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Police State and Prisons :   3    |  Search

Hannibal Abdul Shakur and Tanzeen Doha were arrested during protests during the summer of 2013 in downtown Oakland, after the George Zimmerman verdict was announced, where he was acquitted for the February 26, 2012, murder of Trayvon Martin. At an October 10 pre-trial readiness conference, the Oakland prosecutor finally admitted that they had “insufficient evidence” to go to trial, putting forth a motion to drop the remaining charges.
Witnesses to the recent tasing and arrest of a man in Santa Cruz describe the incident differently from the account communicated by police through the reporting of the Santa Cruz Sentinel. Individuals on the scene report excessive force was used when officers with the SCPD arrested Oliver Howard near the Court House on Water Street on the afternoon of October 13. They say officers struck Howard with a baton, tased his bare body, piled on top of him, wrenched and twisted his limbs, and grinded his face and body into the ground, all unnecessarily.
At a rally in Palo Alto on October 5th, speakers Mary Kay Raftery and Chris Walker said that there is no such thing as the "closure" that death penalty advocates promote. Mary Kay's son was murdered; Chris spoke of his experience as an innocent man in Pelican Bay prison. Long time Amnesty International member Terry McCaffrey said it is clear that support for the death penalty is in decline, but "we must not let up on our struggle to put an end to capital punishment".
April Negrette and Kimball Bighorse have filed tort claims against the City and County of San Francisco for police brutality that occurred when the Giants called in SFPD to eject Negrette and Bighorse from its June 23, 2014, “Native American Heritage Night” event and game. Ms. Negrette and Mr. Bighorse had peacefully confronted a group of inebriated men who were inappropriately and disrespectfully wearing a plastic counterfeit Native American-themed headdress. The Giants ordered the San Francisco Police to eject Negrette and Bighorse from the stadium, but not the drunken men, most of whom were white.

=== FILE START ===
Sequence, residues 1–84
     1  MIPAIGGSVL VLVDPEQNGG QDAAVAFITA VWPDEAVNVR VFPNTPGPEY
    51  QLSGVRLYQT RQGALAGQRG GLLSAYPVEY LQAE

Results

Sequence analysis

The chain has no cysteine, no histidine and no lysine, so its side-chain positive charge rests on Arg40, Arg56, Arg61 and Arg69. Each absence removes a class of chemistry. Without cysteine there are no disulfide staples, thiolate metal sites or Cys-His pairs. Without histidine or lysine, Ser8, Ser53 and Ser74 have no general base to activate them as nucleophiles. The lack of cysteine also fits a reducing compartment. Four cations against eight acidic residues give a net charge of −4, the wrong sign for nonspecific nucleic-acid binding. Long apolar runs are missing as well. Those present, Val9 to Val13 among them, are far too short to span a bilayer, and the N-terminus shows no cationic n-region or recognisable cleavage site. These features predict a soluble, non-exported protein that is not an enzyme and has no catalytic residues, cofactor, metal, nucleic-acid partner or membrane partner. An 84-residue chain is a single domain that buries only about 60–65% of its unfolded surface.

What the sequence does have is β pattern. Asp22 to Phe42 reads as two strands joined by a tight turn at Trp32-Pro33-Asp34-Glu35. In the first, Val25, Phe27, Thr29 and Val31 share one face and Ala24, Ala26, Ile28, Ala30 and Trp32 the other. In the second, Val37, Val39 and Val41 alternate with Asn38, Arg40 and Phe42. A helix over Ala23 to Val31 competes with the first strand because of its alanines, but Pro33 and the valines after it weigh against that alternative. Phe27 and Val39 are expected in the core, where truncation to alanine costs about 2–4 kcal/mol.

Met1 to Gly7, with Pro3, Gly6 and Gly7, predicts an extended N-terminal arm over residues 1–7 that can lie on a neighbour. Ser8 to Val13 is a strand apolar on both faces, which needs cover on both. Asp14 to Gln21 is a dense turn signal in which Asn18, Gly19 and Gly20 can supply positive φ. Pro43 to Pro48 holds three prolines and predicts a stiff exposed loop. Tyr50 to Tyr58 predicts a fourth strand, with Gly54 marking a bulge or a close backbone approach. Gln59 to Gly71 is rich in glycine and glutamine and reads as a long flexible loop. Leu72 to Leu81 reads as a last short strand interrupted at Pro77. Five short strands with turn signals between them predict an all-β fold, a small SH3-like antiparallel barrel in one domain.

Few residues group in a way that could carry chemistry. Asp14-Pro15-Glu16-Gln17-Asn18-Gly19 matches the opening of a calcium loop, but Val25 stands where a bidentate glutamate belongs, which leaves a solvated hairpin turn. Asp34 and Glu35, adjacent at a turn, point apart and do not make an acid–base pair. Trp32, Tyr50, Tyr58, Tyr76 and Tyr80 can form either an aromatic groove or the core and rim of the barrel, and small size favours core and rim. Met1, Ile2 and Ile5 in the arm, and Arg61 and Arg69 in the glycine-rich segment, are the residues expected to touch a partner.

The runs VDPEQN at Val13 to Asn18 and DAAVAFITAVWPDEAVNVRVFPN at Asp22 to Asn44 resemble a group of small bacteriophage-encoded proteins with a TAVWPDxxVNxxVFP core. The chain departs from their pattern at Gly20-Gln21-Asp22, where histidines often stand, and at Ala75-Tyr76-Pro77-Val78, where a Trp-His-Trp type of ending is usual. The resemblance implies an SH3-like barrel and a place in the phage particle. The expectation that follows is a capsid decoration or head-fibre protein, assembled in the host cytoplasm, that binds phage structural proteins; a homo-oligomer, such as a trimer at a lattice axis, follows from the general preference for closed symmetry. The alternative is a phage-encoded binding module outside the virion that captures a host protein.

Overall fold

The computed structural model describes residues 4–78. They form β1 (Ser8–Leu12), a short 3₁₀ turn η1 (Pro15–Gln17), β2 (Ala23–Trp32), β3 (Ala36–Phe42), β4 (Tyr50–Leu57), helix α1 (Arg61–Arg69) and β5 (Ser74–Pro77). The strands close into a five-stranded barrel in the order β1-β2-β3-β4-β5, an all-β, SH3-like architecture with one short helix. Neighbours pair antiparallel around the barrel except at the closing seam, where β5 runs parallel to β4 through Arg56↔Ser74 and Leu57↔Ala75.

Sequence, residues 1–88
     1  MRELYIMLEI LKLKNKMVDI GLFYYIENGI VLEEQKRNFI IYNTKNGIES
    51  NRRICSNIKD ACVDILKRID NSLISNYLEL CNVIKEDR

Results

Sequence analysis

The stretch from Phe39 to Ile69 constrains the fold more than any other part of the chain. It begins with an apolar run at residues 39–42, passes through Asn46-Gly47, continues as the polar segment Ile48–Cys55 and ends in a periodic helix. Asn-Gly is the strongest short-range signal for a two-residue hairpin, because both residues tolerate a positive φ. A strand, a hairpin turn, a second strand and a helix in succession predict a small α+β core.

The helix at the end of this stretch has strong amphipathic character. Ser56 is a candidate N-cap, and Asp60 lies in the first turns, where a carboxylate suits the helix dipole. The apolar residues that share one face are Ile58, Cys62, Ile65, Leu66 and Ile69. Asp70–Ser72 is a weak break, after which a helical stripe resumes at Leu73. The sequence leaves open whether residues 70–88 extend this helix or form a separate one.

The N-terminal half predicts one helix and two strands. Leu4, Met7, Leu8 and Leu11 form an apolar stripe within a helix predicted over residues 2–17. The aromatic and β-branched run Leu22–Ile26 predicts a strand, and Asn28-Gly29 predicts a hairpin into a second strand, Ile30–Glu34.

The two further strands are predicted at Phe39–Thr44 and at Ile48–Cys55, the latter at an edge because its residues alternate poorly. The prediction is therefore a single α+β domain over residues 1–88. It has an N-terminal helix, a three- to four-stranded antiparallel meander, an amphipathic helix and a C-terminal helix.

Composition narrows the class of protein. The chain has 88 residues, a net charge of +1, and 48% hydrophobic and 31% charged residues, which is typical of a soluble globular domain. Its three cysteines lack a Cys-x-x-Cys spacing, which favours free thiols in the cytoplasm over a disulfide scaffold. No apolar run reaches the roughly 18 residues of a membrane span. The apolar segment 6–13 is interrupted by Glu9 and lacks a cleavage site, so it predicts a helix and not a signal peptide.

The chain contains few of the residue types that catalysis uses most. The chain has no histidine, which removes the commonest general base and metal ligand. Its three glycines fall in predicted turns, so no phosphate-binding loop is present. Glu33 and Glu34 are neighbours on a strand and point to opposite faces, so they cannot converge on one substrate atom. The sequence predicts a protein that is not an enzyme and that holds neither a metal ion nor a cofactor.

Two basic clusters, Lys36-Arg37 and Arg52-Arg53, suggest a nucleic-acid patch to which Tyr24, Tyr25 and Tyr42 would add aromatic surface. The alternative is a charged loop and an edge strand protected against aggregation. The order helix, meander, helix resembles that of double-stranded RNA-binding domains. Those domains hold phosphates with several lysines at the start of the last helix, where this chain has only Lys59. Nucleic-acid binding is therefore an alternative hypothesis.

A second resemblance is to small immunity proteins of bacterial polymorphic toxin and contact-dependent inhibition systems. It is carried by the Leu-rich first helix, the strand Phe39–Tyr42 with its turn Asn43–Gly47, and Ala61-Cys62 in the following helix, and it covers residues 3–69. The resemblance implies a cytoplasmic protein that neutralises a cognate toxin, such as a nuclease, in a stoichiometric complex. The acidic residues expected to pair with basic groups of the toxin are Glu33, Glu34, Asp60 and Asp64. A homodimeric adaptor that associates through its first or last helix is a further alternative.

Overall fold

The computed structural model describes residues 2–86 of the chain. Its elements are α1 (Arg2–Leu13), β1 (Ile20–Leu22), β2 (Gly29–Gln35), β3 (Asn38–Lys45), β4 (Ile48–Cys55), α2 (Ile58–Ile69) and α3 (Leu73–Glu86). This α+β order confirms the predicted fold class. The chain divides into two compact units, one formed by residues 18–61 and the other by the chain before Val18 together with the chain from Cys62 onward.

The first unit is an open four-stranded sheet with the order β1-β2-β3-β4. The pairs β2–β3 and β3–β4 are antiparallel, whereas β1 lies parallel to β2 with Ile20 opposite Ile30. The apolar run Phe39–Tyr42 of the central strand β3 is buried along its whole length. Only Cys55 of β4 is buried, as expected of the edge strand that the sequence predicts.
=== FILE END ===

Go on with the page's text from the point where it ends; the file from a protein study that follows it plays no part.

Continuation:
On September 8, 2014, Bay Area chapters of Code Pink and World Can’t Wait participated in a worldwide reading of texts by NSA whistleblower Edward Snowden: “With this worldwide reading, we call on the United States Government to recognize that Edward Snowden's revelations are of essential importance for the safeguarding of democracy in the digital age.... Washington should therefore immediately lift all legal charges and complaints against Snowden, so that he can return home safely as a free man.”
Following months of pressure by family members and the media, the Salinas Police Department announced that Brian Johnson and Scott Sutton were the officers that shot and killed Frank Alvarado on July 10. They were named in a press release that also listed the officers involved in the killing of three other Latino residents in East Salinas in 2014. Frank Alvarado's father and sister spoke out at a press conference held at City Hall on October 1, stating that justice would be served, if not in Salinas, then at the Supreme Court.
On October 9, Salinas Police Chief Kelly McMillin is scheduled to speak on a panel titled “Police Legitimacy in Communities of Color” presented by the Center for Conflict Studies at the Monterey Institute of International Studies. Under Chief McMillin’s command, four unarmed Salinas community members — all Latino men — were shot and killed by officers in a span of four months. Sin Barras, a group that works to eradicate the prison industrial-complex, authored a letter to the hosts requesting that they ask Chief McMillin to step down as a participant.